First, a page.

If only I could speak. If only I could part my lips and move my tongue and ask you to forgive me. If only you would let me fall to my knees, so that I can clasp your knees and weep in shame. If only you had not tugged at me with such burning ferocity, if only you had not dragged me through the storm in your own blood. If only you would grant me peace.
"I will not let you die." His voice is quieter, but he looks intently into my eyes. Slowly, my fickle vision returns – barely – and I stare back. I am lost in those blue pools – I cannot understand them, I cannot read the tumbling young storm that rages in those eyes. But they are kind. "You will live, my friend."
Tears fall warm against my muddied face, a sharp contrast to the cold rain. I bow my head.
And we trudge on, a heap of mud and blood, as thunder roars overhead. He stops in his tracks. I raise my head in askance, aware of my dimly beating heart. My body is giving way. But I struggle to live.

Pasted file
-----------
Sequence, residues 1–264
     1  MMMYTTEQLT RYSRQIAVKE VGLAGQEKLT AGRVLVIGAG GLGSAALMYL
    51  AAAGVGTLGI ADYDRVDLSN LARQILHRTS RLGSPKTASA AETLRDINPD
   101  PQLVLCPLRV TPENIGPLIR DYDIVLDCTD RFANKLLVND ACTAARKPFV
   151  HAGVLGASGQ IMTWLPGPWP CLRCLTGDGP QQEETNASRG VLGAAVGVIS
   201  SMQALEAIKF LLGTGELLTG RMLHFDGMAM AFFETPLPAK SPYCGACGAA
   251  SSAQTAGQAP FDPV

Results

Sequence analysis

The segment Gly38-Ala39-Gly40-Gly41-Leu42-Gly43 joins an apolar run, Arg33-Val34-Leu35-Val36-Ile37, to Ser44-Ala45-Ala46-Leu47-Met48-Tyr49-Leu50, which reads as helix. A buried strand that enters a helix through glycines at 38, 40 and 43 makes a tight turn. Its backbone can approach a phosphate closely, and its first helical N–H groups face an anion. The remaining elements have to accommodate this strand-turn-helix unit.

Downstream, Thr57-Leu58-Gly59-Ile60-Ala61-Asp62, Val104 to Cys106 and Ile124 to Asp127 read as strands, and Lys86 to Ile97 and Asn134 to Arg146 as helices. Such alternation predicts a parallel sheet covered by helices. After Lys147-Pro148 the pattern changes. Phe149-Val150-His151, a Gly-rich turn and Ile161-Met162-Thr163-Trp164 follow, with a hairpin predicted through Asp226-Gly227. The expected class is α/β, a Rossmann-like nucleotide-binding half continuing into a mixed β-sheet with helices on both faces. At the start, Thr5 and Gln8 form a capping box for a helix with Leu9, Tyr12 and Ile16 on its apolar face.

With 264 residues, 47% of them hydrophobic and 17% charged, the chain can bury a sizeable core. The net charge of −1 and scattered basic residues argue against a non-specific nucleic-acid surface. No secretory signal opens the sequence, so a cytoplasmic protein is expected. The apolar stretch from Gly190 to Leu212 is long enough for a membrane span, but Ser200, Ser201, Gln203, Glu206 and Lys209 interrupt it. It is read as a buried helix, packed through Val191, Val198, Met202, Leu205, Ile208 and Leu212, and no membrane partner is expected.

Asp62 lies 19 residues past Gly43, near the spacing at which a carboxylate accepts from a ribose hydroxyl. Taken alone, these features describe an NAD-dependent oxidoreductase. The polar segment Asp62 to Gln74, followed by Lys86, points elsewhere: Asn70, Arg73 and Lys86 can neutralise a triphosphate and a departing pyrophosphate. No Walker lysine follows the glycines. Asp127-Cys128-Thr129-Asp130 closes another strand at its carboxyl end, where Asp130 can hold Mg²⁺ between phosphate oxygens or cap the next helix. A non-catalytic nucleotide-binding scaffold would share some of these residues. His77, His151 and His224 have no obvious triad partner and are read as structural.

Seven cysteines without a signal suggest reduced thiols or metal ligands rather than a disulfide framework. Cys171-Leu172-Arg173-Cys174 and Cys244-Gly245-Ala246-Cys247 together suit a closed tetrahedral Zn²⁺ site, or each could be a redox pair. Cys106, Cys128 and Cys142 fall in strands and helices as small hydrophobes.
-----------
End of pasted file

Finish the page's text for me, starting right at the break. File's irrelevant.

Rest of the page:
He taps my shoulder, and I see, half-dragged in his arms, the dark outlines of majestic gates looming in the distance. Rhythmic beating of hooves hit my ears; dark figures appear from among the trees, galloping toward us from the castle. They are calling out; their bodies glow with luminescent light akin to the bright blue brilliance that suddenly flares from the gates. Radiating in all majesty, the rune-engraved gates slowly open.
He drags me forward with light of determination shining in his eyes. The weakening arm tightens around me, sliding against a thick pool of red blood.
I obey, and continue to move, hold myself up against his slippery red body. An exhausted sigh escapes my lips, but I cling onto his breaking form, refusing to fall. Cling onto the battered body that refuses to let me fall.
And thus we struggle onward, toward the powerful light that beckons.
I close my eyes. Heir of Isildur, son of Arathorn, Estel the hope of Dunedain – all of these heavy titles will have to weigh down upon me a bit longer. For I shall not die today. Against all yearnings to be free of my burden, I have forsaken my peace, for one elf has called me friend. And he has wished for me to live.